But that disaster didn’t seem to diminish Roddenberry’s enthusiasm for the emerging possibilities of space flight. Indeed, it seems like it would be possible to read the humanistic optimism of his space opera as an update of the “winged gospel.”
Especially in the hands of other members of the writing staff, Star Trek wasn’t oblivious to the problems of unabated technological progress (see the taut 1967 episode named for a “doomsday machine” run amok). But in general, Roddenberry’s series assumed that warp drives and transporters would enable all nationalities and all races — and, eventually, all species — to transcend their differences and pursue purposes more noble than economic or political competition. (It wasn’t until Roddenberry’s death that DS9 was able not only to investigate religion, but consider the possibility that humanity, or humanoids in general, had still not outgrown original sin.) Star Fleet might have assigned its members military ranks, but its avowed purpose was exploration and discovery, with the most popular character on the show being a science officer who subordinated emotion to logic.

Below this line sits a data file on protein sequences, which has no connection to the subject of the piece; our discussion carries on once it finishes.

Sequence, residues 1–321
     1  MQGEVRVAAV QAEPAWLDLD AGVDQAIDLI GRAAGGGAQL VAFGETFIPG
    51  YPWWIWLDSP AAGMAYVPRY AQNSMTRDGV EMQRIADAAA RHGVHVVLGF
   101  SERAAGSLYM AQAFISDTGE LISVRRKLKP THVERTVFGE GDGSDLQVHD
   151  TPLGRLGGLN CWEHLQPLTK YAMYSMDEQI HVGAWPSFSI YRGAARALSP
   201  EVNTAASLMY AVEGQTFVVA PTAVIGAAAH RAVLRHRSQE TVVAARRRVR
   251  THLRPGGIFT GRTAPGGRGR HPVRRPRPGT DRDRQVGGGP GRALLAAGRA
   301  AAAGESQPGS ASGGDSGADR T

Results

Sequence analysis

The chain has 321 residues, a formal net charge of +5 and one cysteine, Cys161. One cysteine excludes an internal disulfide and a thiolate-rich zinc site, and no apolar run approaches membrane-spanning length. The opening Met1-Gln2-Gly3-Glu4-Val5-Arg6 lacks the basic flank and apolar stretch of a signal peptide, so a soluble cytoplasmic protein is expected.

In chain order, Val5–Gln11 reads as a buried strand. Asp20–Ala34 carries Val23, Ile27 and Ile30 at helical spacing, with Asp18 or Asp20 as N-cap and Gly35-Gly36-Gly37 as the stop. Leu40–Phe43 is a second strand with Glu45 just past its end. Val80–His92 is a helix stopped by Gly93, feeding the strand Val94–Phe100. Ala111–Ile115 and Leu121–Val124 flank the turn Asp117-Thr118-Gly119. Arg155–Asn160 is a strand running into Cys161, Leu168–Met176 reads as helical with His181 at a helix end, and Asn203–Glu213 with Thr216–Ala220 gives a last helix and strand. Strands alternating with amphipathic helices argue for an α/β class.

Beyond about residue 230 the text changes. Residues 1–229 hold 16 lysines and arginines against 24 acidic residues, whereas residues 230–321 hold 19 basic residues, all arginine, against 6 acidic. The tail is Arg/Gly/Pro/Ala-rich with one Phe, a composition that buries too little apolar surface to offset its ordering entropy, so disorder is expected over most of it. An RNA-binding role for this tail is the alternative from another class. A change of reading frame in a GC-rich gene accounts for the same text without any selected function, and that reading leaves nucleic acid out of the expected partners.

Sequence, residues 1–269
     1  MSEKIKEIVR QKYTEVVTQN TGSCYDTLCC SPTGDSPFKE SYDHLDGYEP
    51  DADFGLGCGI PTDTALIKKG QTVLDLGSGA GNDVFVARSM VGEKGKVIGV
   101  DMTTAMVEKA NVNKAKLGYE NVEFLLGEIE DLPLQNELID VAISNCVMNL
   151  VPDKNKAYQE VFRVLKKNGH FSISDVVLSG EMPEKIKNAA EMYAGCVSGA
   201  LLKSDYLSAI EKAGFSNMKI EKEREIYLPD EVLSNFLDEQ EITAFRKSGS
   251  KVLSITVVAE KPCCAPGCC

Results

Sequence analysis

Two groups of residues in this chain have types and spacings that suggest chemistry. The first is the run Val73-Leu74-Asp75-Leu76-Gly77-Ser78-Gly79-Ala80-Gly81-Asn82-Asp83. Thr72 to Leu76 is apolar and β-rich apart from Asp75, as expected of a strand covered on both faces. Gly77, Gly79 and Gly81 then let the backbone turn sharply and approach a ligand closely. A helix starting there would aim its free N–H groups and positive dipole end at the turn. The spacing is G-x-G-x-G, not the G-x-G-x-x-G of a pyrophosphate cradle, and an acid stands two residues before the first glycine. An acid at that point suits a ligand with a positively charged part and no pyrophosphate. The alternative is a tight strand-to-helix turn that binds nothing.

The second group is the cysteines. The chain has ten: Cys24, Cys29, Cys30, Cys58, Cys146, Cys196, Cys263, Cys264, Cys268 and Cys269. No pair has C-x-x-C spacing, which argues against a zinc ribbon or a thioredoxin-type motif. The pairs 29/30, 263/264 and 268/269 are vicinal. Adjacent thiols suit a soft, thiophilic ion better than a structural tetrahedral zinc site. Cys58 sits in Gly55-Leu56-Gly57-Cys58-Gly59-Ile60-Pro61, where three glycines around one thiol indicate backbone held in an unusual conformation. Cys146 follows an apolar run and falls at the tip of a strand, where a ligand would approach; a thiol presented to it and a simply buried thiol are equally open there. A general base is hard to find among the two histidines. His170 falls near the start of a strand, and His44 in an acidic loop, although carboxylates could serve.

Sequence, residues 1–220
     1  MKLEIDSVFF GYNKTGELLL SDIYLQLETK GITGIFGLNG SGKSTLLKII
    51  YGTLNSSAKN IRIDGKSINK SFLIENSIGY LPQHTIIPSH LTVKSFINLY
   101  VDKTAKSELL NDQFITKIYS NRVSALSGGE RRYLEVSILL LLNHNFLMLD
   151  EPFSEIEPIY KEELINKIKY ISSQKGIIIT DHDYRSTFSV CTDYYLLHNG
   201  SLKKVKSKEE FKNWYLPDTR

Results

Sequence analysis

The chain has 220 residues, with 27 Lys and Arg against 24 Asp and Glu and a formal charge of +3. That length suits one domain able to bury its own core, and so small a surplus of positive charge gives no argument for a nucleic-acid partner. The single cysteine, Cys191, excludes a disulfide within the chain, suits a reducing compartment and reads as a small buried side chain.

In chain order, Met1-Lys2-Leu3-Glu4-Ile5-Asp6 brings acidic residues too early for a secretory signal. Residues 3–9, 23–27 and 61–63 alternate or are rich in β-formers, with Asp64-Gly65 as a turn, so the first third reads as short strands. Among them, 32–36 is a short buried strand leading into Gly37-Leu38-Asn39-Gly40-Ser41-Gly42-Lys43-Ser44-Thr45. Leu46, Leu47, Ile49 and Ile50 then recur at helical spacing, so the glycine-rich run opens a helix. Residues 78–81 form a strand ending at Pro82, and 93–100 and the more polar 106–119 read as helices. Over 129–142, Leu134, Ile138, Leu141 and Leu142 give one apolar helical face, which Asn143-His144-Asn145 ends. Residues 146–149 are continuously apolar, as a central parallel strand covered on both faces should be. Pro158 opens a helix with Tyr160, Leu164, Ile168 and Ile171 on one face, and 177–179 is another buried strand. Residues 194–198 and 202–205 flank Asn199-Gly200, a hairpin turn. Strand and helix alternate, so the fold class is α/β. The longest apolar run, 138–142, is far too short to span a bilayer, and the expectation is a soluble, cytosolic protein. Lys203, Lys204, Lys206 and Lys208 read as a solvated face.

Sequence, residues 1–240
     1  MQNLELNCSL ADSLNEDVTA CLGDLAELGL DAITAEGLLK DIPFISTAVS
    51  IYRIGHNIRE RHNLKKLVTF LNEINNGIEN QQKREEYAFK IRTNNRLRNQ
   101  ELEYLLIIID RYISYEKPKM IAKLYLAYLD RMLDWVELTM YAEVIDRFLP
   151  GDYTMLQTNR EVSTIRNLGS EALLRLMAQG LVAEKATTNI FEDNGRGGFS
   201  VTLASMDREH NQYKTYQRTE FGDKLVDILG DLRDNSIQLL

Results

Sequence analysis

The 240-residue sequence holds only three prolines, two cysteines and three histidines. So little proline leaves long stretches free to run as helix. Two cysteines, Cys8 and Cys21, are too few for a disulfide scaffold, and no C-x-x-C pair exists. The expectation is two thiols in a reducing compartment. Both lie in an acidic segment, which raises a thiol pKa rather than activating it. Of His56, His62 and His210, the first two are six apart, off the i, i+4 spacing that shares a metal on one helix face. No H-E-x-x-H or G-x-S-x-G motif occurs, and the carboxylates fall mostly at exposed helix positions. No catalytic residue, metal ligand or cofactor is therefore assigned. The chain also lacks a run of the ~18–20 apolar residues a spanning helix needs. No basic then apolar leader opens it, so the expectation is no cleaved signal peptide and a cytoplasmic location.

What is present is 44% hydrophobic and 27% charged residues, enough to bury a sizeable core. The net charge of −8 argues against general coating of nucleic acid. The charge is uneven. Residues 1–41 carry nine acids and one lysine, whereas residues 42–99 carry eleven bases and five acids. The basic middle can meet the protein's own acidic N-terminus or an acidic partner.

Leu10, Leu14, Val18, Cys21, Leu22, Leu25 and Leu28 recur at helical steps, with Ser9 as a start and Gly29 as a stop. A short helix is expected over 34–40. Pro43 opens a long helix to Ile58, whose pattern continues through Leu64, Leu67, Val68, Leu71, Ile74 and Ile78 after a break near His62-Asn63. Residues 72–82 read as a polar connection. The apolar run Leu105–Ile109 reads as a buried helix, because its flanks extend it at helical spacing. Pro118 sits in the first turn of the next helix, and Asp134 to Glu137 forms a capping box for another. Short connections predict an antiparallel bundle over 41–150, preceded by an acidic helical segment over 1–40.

Whatever the reason for the relative absence of religion from Roddenberry’s founding vision of Star Trek, Schneider laments it:
His reasons for rejecting religion stand against the fact that billions of religious human beings on present-day Earth live in relative peace and tolerance. There are certainly fundamentalists who do not respect other views than their own. However, just like political fanaticism this is just an outgrowth of the human nature, not of the idea of religion. It is simply unfair and counter-productive to ignore the ways of life of the majority of humanity in an effort to depict Star Trek as a desirable future for them…. With a firm stance that it would be better to take away faith from people, Star Trek, in its few worst installments, is just as narrow-minded and arrogant as the religious zeal it strives to condemn. On these occasions Star Trek acts against its own principles.
Whatever his reasons were, Gene Roddenberry was mistaken about religion. I am glad that he hit the nail on the head with other ideas that he came up with.
Read Schneider’s full article here, part of the “Inconsistencies” section of his site.